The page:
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What Is Financial Literacy And Why Does It Matter?

By Elizabeth Bauer


Americans aren't saving enough for retirement.

That's a trite statement.

Precisely how great the shortfall is, is in dispute, of course, as is the question of what remedies, if any, should be undertaken.

But what's the reason for this savings shortfall?  Discarding specifics like "no more traditional pension plans," there are three potential reasons, each taking some portion of the blame, and each interconnected with the other:

Americans don't have the knowledge needed to save for retirement.

Americans don't have the self-discipline to save for retirement.

Americans don't have the excess funds to save for retirement.

"Financial literacy" is the catch-all name for initiatives around education that, it's hoped, will remedy the first of these problems -- education that, it's hoped, will occur in schools, through high school graduation requirements which exist or are slated to come into effect in 21 states, according to Pew, but also through employer-sponsored programs, which are in place at 63% of employers according to the publication Plan Sponsor.

And just how financially illiterate are Americans?

The standard measurement, as developed at the Global Financial Literacy Excellence Center (GFLEC), is a set of three questions.  In May I wrote about a recent study comparing Americans' ability to answer these questions, relative to the rest of the developed world.  74% of Americans answered a survey question about compound interest correctly (about average globally); 53%, one on inflation (the global average was 63%); and 46%, one on risk diversification (again, right about at the average).


Americans aren't saving enough for retirement.

That's a trite statement.

Precisely how great the shortfall is, is in dispute, of course, as is the question of what remedies, if any, should be undertaken.

But what's the reason for this savings shortfall?  Discarding specifics like "no more traditional pension plans," there are three potential reasons, each taking some portion of the blame, and each interconnected with the other:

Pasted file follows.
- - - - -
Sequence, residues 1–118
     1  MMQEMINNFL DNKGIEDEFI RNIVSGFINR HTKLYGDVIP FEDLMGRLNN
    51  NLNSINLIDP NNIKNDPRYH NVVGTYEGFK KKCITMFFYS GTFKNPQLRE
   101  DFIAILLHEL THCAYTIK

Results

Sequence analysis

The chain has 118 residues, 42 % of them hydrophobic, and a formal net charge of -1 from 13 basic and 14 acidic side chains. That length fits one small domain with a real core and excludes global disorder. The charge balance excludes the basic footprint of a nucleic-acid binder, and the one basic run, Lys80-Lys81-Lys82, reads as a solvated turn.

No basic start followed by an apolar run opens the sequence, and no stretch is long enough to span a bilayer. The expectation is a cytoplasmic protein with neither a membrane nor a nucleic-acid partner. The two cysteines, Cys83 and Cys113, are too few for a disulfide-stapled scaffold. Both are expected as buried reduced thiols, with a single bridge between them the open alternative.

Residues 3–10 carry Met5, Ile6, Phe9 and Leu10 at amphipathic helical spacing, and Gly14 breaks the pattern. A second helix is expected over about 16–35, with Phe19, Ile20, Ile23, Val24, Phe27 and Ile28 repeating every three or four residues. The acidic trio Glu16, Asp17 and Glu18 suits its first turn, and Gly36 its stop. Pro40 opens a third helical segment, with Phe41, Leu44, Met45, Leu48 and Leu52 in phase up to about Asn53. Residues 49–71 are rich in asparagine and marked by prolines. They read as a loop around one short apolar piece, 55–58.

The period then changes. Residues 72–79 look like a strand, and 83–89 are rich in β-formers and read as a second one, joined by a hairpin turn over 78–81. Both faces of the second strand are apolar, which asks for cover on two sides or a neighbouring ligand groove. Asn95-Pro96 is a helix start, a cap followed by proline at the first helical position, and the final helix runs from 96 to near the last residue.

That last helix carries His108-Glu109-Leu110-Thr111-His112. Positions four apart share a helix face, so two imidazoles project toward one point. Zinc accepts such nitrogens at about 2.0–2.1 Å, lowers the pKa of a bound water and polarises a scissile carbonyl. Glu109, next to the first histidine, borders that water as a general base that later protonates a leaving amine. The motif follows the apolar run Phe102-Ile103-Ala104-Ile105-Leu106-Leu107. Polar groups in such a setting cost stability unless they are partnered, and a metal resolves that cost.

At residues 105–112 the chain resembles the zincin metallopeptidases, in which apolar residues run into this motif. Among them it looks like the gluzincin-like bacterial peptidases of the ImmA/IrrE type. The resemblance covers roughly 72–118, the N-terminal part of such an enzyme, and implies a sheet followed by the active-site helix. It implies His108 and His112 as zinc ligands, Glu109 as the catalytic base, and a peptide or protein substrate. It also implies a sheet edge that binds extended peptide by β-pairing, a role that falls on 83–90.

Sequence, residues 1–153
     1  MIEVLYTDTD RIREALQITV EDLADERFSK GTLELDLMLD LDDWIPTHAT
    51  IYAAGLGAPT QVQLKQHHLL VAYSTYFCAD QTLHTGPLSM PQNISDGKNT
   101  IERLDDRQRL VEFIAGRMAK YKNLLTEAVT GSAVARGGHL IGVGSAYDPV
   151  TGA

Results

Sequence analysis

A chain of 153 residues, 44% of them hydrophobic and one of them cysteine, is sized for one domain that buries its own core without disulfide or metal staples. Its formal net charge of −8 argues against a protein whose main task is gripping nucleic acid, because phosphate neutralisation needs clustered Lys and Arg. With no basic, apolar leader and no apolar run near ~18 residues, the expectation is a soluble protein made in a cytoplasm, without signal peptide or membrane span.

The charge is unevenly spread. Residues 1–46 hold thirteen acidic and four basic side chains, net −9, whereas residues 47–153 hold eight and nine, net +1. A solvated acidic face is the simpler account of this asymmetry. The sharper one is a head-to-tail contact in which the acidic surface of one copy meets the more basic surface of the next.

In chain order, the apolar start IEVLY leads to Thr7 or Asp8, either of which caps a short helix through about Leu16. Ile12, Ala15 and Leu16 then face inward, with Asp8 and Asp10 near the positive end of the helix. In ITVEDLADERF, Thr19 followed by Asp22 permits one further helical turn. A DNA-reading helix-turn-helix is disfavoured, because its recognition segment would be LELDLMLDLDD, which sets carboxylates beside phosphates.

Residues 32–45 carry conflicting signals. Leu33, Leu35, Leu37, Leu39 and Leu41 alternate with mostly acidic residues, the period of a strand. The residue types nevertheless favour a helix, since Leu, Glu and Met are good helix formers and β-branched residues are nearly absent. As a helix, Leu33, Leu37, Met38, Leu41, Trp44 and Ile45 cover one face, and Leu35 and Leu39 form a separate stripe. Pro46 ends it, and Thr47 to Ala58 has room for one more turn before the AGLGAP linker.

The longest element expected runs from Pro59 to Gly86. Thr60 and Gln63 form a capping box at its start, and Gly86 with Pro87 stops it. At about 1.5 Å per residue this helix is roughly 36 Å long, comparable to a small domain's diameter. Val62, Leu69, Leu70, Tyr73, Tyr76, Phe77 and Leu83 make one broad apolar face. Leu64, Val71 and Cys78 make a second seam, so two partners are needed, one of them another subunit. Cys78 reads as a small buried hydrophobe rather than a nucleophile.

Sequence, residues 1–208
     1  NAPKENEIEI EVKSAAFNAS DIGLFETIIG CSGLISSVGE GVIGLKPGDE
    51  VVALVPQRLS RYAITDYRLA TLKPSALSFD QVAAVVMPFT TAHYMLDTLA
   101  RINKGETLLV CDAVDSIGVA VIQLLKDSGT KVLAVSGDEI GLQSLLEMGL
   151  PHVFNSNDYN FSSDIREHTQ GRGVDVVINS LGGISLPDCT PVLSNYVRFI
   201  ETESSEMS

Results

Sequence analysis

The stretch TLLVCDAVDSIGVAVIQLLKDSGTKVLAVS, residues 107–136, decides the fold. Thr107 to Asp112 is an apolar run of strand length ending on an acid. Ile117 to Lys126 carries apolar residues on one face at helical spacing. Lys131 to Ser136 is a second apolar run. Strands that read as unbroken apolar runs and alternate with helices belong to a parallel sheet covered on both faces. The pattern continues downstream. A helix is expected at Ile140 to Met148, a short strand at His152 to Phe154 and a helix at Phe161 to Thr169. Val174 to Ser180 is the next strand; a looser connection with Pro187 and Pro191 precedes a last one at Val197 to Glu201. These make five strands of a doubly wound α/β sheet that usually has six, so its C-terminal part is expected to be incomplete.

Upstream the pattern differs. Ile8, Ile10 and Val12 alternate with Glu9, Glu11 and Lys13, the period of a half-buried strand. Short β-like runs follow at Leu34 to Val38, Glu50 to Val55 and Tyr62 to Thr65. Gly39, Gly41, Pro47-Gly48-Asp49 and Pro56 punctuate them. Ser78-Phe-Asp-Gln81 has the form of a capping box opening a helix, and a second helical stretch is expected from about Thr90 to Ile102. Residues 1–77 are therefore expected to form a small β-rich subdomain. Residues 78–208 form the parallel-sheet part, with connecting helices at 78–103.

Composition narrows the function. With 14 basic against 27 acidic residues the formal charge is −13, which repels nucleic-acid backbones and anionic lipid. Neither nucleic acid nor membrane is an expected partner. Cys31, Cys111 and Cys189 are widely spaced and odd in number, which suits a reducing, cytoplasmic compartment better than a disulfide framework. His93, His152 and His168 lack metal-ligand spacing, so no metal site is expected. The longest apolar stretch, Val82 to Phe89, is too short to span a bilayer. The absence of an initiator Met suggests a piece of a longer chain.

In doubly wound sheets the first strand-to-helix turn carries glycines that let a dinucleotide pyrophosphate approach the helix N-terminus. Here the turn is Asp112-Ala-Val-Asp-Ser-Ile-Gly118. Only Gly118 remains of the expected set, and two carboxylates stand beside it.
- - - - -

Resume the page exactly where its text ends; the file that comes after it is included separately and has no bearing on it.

Americans don't have the knowledge needed to save for retirement.

Americans don't have the self-discipline to save for retirement.

Americans don't have the excess funds to save for retirement.

"Financial literacy" is the catch-all name for initiatives around education that, it's hoped, will remedy the first of these problems -- education that, it's hoped, will occur in schools, through high school graduation requirements which exist or are slated to come into effect in 21 states, according to Pew, but also through employer-sponsored programs, which are in place at 63% of employers according to the publication Plan Sponsor.

And just how financially illiterate are Americans?


The standard measurement, as developed at the Global Financial Literacy Excellence Center (GFLEC), is a set of three questions.  In May I wrote about a recent study comparing Americans' ability to answer these questions, relative to the rest of the developed world.  74% of Americans answered a survey question about compound interest correctly (about average globally); 53%, one on inflation (the global average was 63%); and 46%, one on risk diversification (again, right about at the average).



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